I want to join the fray and say a few words about the disgraceful side-show to this year’s commemoration of the September 11 attacks, but it will perhaps be best to enter upon this delicate subject by mentioning that, as a First-Amendment fundamentalist of the sort I seldom meet here in Canada, I wholly agree with Alexander Cockburn’s remarks on the non-event of the Rev. Terry Jones’s threatened Qur’an burning: “By the end of this week, the air was so thick with pieties about the need for tolerance and respect for all creeds that one yearned for the Rev. Terry Jones, mutton chop whiskers akimbo, to toss those Qurans in the burn barrels outside his Gainesville church in Florida and torch them on this year's anniversary of 9/11.”
I myself believe the Qur’an is a rich historical document, one among many others, and for this reason I hope you will understand that I can’t really convince myself that burning it would shake up the cosmic order any more than the incineration of old newspaper (a pastime at which I have much experience). I particularly don’t enjoy thinking that fear of reactions outside the United States should prevent people within the United States from performing a perfectly legal and merely symbolic act such as the burning of whatever book it is that they happen not to like. What would ordinarily be a distasteful gesture from a clueless yokel such as Jones is for me transformed by the threat of a violent reaction into a question of sovereignty and freedom.
But this should all have remained entirely off all of our radars, off Obama’s radar, off the radars of the rabble-rousers in Afghanistan and Pakistan, just as the Qur’an-burning remained that was successfully carried out by another thoroughly primitive Christian church in Kansas in 2008. It should not have been news, I mean to say, and I don’t want to draw it out any longer by treating it as news even after its expiration date (which arrived with the burning’s non-happening yesterday). Instead I want to use this non-event to ask a question about what book burning is, or indeed must be.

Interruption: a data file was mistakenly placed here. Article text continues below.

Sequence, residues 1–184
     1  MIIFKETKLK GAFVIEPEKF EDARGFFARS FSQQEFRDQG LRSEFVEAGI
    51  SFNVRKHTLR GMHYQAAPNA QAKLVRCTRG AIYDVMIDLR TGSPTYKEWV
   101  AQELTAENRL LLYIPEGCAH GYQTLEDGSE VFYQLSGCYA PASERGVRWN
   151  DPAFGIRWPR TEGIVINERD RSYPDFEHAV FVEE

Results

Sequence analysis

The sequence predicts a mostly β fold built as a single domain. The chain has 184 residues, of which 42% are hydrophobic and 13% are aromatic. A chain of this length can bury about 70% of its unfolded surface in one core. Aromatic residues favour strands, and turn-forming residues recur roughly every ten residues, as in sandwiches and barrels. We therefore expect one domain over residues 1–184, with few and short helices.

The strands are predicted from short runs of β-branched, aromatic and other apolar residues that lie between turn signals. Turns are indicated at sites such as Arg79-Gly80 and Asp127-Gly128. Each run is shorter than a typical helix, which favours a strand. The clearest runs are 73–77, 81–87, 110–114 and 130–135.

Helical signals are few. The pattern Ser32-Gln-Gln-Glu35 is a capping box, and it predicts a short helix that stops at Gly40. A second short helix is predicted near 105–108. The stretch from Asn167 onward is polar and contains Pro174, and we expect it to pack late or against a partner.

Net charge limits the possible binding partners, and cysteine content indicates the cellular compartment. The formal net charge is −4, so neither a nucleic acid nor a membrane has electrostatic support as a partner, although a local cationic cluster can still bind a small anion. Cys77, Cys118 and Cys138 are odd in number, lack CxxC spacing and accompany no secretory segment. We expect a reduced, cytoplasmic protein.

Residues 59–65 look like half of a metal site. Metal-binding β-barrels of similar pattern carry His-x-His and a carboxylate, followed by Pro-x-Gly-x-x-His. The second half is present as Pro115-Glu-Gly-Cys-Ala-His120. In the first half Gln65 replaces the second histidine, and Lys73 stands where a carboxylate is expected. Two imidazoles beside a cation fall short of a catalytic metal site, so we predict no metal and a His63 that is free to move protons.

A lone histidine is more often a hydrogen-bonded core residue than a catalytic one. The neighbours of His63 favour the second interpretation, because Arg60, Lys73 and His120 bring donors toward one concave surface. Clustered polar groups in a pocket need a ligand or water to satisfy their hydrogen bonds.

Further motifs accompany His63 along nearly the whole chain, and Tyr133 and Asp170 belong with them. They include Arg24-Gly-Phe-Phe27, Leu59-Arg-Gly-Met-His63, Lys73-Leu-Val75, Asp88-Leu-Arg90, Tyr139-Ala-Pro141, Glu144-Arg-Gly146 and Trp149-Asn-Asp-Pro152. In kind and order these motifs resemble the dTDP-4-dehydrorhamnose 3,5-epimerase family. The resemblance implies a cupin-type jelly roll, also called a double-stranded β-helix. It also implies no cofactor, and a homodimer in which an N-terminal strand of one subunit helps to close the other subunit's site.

I am assuming that if Jones had gone through with it, the ‘Qur’ans’ used would have been the inexpensive, paperback English translations available in chain bookstores in not-exactly-bookish places like Gainesville, Florida. They certainly would not have been any more scholarly or authoritative than the Penguin edition of the Qur’an that I own, for which I paid $9.95 in 1994.
When the Qur’an was first dictated in the 7th century, by contrast, there were a few minimal conditions that had to be met in order for the resulting work to count as holy, and thus to count as the Qur’an at all. For one thing it had to be in Arabic. For another, it had to be written by hand. As Jack Goody expounds at length in his Logic of Writing and the Organisation of Society, the introduction of the printing press into the Muslim world was significantly slowed down by a widespread perception that a printed text cannot serve as an adequate replacement of a written text. This perception was rooted in particularities of both Islamic theology and of Arabic philosophy of language, and to suppose that any edition of a work, in any language, produced for any reason, can stand as an equal exemplar of that work relative to all others is surely a bit of Western cultural hegemony being allowed to dictate what a subaltern people thinks of as its distinctive homegrown ‘values’. In fact, not only has there often been serious debate as to whether a non-English approximation of the Qur’an can count as the Qur’an at all, but there was also a long period during which even a printed Arabic text could not pass the test of authenticity, which surely must precede the test of holiness.